IKEA manager charged for firing Pole over anti-gay remarks
WARSAW, Poland (AP) — A Polish prosecutor has charged an IKEA manager with violating the religious rights of an employee sacked for voicing strong objections, within the company, to a corporate event supporting tolerance for LGBT people last year.
The Catholic employee at a Polish branch of the Swedish furniture and home goods retailer had allegedly cited Biblical passages suggesting that homosexuals deserve death.
The charges brought by the Warsaw prosecutor’s office Wednesday against the human resources manager can be punished by a fine or a prison sentence.
In a brief statement, IKEA’s press office said it was cooperating with the prosecutor.
“As an employer, we will provide all the help and support to our charged co-worker,” the statement emailed to The Associated Press on Thursday added, saying the company did not want to comment further.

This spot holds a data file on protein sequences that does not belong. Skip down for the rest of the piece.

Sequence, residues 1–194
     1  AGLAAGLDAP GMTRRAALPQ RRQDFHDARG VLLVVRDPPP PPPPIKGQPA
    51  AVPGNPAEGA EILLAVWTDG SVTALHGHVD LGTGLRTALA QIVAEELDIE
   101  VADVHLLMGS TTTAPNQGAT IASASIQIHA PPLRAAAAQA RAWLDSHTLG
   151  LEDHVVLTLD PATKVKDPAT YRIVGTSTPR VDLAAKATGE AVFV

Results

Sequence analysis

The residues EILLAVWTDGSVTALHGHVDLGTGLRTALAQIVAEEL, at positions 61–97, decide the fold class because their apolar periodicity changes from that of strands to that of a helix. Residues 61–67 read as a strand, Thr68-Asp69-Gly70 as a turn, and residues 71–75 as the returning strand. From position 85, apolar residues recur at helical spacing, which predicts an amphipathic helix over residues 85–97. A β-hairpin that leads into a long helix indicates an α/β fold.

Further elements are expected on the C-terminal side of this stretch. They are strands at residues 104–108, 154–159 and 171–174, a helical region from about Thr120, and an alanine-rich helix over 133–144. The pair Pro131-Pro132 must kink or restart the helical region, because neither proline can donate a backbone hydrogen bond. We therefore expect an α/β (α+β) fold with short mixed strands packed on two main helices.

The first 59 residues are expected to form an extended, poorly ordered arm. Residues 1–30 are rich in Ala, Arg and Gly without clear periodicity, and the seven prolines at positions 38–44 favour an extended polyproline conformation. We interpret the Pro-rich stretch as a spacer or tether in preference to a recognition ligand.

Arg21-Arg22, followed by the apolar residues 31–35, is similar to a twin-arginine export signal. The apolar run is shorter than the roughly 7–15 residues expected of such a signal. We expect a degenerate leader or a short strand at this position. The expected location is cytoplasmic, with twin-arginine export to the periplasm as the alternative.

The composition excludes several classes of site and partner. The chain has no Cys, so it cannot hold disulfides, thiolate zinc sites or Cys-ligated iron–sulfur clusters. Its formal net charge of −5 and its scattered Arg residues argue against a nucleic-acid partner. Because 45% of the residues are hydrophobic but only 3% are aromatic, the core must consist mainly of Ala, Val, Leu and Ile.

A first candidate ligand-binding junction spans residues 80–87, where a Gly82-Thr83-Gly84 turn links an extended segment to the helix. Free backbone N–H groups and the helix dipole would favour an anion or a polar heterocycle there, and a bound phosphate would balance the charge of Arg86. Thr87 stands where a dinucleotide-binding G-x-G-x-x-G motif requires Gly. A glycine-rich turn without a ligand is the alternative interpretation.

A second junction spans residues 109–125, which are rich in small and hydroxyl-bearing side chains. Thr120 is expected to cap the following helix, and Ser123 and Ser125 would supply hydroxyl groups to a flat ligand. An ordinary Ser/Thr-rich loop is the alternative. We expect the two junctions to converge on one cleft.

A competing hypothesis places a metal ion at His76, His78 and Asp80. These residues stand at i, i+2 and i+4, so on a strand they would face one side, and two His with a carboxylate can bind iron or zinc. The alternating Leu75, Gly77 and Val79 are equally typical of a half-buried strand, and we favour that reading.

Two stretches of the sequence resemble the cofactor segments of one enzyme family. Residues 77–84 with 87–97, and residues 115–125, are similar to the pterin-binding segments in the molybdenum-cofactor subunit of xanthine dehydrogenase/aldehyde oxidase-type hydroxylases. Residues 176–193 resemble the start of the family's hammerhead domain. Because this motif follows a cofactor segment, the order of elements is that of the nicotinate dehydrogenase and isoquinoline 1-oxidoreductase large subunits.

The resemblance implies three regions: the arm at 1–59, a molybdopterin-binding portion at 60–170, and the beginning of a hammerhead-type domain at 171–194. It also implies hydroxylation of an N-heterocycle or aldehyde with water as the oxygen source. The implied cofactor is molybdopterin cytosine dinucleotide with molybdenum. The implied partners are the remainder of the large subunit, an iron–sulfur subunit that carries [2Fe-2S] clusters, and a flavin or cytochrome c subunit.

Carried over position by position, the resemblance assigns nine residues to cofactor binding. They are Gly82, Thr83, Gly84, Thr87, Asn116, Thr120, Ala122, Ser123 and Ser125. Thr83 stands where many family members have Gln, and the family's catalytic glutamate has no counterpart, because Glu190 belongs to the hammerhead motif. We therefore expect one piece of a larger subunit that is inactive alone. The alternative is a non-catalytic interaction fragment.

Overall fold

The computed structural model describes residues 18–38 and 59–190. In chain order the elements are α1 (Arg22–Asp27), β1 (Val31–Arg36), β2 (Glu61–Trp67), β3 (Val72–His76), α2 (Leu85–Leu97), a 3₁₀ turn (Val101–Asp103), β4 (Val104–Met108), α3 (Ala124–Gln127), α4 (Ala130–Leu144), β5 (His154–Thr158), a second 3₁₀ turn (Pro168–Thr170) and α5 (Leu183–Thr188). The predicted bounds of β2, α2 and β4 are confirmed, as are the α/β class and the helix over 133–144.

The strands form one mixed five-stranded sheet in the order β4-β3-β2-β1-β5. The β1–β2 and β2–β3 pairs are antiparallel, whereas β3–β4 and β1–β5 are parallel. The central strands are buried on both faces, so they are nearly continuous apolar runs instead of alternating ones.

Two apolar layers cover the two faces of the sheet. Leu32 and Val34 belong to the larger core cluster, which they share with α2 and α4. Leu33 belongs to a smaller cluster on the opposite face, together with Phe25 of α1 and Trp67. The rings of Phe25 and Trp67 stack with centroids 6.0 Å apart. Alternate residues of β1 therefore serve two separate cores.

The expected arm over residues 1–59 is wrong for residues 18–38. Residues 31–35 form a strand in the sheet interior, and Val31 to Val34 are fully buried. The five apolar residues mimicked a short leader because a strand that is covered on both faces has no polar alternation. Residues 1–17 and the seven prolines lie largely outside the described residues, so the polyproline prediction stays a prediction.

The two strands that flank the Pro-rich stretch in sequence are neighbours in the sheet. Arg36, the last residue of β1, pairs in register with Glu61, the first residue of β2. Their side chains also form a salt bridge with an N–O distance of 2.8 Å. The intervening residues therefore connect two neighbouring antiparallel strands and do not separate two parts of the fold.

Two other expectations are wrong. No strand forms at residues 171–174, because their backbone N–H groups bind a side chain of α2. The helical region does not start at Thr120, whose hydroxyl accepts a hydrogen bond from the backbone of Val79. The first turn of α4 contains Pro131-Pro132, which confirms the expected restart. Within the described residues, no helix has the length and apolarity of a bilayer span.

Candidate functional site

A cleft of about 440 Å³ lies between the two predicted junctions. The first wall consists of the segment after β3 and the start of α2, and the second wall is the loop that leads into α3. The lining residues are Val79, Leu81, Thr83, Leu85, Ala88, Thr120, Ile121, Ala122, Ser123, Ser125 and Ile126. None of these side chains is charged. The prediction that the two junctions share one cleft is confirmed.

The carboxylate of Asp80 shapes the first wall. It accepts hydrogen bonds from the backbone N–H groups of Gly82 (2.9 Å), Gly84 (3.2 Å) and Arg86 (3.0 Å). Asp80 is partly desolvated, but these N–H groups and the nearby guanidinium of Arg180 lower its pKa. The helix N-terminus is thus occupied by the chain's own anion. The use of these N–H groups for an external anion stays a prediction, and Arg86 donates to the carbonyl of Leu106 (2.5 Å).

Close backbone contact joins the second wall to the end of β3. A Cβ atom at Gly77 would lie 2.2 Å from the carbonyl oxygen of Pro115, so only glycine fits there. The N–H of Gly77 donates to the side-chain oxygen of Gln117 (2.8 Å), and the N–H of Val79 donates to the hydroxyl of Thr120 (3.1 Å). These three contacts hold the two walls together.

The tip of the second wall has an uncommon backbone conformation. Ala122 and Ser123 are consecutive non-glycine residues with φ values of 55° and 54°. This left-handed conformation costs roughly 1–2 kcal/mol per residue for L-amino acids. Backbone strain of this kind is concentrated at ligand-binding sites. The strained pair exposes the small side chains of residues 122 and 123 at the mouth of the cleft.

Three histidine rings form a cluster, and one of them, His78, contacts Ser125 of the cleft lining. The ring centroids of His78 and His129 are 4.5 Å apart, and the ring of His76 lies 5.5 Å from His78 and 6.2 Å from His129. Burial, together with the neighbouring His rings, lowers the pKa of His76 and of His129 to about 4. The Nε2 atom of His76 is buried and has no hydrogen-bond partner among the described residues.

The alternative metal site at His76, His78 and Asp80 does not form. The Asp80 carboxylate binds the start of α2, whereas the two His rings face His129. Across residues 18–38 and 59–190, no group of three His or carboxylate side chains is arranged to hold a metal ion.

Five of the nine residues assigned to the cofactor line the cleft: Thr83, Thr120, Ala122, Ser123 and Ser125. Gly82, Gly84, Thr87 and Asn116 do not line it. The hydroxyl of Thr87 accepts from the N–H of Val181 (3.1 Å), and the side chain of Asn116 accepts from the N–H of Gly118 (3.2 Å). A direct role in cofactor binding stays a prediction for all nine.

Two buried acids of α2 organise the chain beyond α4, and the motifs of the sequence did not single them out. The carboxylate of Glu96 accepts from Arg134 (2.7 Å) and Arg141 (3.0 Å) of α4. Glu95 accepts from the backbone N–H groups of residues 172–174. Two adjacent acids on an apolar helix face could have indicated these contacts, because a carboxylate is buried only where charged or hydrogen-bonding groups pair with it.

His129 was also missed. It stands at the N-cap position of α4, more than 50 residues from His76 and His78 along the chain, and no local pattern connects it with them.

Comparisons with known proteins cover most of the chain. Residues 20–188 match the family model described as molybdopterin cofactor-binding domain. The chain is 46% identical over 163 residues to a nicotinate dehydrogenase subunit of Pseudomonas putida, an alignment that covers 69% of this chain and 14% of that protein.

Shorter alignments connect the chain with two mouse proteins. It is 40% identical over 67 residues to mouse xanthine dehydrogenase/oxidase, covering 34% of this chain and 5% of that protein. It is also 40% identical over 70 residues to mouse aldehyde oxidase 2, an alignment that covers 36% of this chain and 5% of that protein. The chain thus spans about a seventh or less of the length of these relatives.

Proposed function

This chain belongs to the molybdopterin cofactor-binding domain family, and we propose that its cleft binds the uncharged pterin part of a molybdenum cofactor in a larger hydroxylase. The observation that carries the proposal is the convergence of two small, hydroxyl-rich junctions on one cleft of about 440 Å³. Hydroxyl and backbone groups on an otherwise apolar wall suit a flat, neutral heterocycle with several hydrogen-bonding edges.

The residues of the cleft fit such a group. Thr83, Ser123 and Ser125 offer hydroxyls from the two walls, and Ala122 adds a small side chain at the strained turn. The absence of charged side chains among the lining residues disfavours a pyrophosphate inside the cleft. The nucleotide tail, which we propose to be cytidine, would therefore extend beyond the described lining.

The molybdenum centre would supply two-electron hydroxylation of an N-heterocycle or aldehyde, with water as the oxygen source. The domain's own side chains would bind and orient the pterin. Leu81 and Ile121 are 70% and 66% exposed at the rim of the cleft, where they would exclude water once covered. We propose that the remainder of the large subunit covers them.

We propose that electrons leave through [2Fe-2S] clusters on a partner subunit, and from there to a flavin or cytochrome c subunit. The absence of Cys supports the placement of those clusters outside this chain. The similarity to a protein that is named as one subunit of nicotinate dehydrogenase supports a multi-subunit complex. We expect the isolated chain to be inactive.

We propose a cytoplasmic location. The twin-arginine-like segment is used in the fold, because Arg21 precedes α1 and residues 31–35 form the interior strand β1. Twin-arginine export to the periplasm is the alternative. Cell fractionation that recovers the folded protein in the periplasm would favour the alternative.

The development comes amid a broader cultural clash in the conservative and largely Catholic nation over LGBT rights. In recent years Poland’s gay rights movement has become increasingly visible.
That has triggered a backlash led by the conservative governing party whose leader, Jaroslaw Kaczynski, has denounced the movement as a threat to the country’s youth and national identity.
With the issue prominent in public debate, IKEA declared days of solidarity with LGBT people last year. One employee voiced his objection in May on the company’s intranet by citing Biblical passages. IKEA at the time said the employee, a Catholic man only identified as Tomasz K., quoted Old Testament passages about death and blood being the fate that homosexuals deserve.
IKEA said then that the basis of the company’s culture is freedom of opinion and tolerance but it could not accept behavior that excluded others.
Poland’s justice minister, Zbigniew Ziobro, denounced IKEA last year, saying it was scandalous that foreign companies in Poland were discriminating against those who do not share their values.
A spokesman for the prosecutor, Marcin Sadus, was quoted by the Polish daily Rzeczpospolita as saying that the man who was fired felt that the corporate days supporting LGBT rights were contrary to his conscience and religious beliefs. He said the man’s Biblical quotes were not an attack on any specific person.